Spinning-disk microscopy systems.

Cold Spring Harbor protocols

PubMedID: 21041403

Wilson T. Spinning-disk microscopy systems. Cold Spring Harb Protoc. 2010;2010(11):pdb.top88.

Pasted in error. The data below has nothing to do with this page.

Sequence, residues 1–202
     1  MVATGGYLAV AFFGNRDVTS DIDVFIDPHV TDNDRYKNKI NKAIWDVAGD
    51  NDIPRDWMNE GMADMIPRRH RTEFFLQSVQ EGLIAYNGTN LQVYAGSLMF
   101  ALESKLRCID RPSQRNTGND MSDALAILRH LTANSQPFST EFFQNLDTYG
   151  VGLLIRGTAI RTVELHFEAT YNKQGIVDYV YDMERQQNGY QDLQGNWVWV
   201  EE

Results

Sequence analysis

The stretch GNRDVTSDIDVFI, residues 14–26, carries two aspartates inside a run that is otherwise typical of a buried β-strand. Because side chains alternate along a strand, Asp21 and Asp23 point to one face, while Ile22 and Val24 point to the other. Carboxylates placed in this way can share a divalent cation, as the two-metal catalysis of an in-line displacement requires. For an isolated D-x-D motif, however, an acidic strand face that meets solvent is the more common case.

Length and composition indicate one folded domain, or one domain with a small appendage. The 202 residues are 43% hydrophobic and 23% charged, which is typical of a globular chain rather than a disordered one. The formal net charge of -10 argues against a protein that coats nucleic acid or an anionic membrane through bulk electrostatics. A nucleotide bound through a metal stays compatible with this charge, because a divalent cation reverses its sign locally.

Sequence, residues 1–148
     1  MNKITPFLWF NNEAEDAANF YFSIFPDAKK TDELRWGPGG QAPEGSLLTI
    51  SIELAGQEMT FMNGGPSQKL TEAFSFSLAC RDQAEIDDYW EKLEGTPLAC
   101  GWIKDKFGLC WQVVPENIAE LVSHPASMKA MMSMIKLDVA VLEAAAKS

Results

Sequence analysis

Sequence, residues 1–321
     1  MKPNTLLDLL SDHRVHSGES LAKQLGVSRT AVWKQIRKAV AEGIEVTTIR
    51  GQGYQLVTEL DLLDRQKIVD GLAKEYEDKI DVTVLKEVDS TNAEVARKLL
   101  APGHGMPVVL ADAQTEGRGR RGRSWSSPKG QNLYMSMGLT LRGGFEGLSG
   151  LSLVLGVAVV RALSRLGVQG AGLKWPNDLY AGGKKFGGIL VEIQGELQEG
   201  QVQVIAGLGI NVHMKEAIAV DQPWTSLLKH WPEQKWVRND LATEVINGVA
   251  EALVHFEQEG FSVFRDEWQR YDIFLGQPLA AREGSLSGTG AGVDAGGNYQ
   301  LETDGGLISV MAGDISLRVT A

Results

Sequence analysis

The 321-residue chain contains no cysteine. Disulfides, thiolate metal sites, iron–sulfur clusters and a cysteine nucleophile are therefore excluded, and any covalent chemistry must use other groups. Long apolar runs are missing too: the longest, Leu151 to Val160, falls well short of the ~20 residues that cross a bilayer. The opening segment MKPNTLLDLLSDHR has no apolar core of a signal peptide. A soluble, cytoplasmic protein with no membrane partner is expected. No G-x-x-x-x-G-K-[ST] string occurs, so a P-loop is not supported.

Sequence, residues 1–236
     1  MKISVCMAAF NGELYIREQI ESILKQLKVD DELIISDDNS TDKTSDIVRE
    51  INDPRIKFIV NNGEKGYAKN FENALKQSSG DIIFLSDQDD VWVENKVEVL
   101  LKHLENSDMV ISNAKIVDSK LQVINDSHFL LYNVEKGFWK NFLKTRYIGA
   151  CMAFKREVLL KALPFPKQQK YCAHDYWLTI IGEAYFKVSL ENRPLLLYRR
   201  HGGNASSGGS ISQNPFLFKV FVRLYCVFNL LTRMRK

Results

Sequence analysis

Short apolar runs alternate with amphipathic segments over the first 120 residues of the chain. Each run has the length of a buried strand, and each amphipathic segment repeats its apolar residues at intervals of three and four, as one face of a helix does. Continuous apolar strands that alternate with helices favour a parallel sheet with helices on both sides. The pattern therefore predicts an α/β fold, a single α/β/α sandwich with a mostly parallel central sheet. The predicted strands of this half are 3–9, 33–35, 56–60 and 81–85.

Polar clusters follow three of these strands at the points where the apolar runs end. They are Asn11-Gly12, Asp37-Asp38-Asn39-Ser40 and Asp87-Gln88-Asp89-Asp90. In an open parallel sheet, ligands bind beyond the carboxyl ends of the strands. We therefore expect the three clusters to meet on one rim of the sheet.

The popularity of the confocal microscope in life science laboratories around the world is undoubtedly due to its ability to permit volume objects to be imaged and to be rendered in three dimensions. It is important to realize that the confocal microscope itself does not produce three-dimensional images. Indeed, it does the opposite. The critical property that the confocal microscope possesses, which the conventional microscope does not, is its ability to image efficiently (and in-focus) only those regions of a volume specimen that lie within a thin section in the focal region of the microscope. In other words, it is able to reject (i.e., vastly attenuate) light originating from out-of-focus regions of the specimen. To image a three-dimensional volume of a thick specimen, it is necessary to take a whole series of such thin optical sections as the specimen is moved axially through the focal region. Once this through-focus series of optically sectioned images has been recorded, it is a matter of computer processing to decide how the three-dimensional information is to be presented. There are many methods for producing optical sections, of which the confocal optical system is just one. This article reviews these methods and describes a number of convenient methods of implementation that can lead to, among other things, real-time image formation.